Researchers are making progress in developing a system that measures the mechanical properties of living cells, a technology that could be used to diagnose human disease and better understand biological processes.
The team used an instrument called an atomic force microscope to study three distinctly different types of cells to demonstrate the method's potentially broad applications, said Arvind Raman, a Purdue University professor of mechanical engineering.
For example, the technique could be used to study how cells adhere to tissues, which is critical for many disease and biological processes; how cells move and change shape; how cancer cells evolve during metastasis; and how cells react to mechanical stimuli needed to stimulate production of vital proteins. The technique could be used to study the mechanical properties of cells under the influence of antibiotics and drugs that suppress cancer to learn more about the mechanisms involved.
Findings have been posted online in the journal Nature Nanotechnology and will appear in the December print issue. The work involves researchers from Purdue and the University of Oxford.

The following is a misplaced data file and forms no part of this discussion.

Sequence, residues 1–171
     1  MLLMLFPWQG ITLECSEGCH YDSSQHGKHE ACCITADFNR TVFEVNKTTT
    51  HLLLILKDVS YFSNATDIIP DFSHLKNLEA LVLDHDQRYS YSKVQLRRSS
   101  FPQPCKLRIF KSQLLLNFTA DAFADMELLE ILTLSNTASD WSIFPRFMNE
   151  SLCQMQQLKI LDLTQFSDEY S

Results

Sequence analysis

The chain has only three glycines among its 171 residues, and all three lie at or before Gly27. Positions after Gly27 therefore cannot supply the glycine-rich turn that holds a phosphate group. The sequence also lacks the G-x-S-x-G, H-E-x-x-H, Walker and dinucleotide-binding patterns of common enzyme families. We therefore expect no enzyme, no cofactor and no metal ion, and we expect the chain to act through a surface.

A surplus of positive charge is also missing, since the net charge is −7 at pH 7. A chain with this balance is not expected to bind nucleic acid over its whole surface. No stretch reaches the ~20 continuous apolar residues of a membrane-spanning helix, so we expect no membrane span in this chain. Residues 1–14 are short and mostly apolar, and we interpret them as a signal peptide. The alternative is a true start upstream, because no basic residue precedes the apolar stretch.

"There's been a growing realization of the role of mechanics in cell biology and indeed a lot of effort in building models to explain how cells feel, respond and communicate mechanically both in health and disease," said Sonia Contera, a paper co-author and director of the Oxford Martin Programme on Nanotechnology and an academic fellow at Oxford physics. "With this paper, we provide a tool to start addressing some of these questions quantitatively: This is a big step."
An atomic force microscope uses a tiny vibrating probe to yield information about materials and surfaces on the scale of nanometers, or billionths of a meter. Because the instrument enables scientists to "see" objects far smaller than possible using light microscopes, it could be ideal for "mapping" the mechanical properties of the tiniest cellular structures.